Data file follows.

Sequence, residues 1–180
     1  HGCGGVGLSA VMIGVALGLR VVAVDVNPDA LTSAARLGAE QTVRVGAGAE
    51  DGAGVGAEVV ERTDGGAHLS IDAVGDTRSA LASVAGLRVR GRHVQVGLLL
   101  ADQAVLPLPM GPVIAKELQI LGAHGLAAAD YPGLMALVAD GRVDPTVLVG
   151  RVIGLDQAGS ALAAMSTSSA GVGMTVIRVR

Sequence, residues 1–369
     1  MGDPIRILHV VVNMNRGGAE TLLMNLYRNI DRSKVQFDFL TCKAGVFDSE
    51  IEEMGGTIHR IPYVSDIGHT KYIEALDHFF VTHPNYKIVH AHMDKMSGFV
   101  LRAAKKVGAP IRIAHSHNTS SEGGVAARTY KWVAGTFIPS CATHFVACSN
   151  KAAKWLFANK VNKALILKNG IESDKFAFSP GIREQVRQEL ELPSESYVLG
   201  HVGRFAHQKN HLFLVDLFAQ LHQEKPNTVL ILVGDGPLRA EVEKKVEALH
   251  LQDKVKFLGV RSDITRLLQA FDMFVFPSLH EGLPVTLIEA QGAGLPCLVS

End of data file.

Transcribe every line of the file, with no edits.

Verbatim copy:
Sequence, residues 1–180
     1  HGCGGVGLSA VMIGVALGLR VVAVDVNPDA LTSAARLGAE QTVRVGAGAE
    51  DGAGVGAEVV ERTDGGAHLS IDAVGDTRSA LASVAGLRVR GRHVQVGLLL
   101  ADQAVLPLPM GPVIAKELQI LGAHGLAAAD YPGLMALVAD GRVDPTVLVG
   151  RVIGLDQAGS ALAAMSTSSA GVGMTVIRVR

Sequence, residues 1–369
     1  MGDPIRILHV VVNMNRGGAE TLLMNLYRNI DRSKVQFDFL TCKAGVFDSE
    51  IEEMGGTIHR IPYVSDIGHT KYIEALDHFF VTHPNYKIVH AHMDKMSGFV
   101  LRAAKKVGAP IRIAHSHNTS SEGGVAARTY KWVAGTFIPS CATHFVACSN
   151  KAAKWLFANK VNKALILKNG IESDKFAFSP GIREQVRQEL ELPSESYVLG
   201  HVGRFAHQKN HLFLVDLFAQ LHQEKPNTVL ILVGDGPLRA EVEKKVEALH
   251  LQDKVKFLGV RSDITRLLQA FDMFVFPSLH EGLPVTLIEA QGAGLPCLVS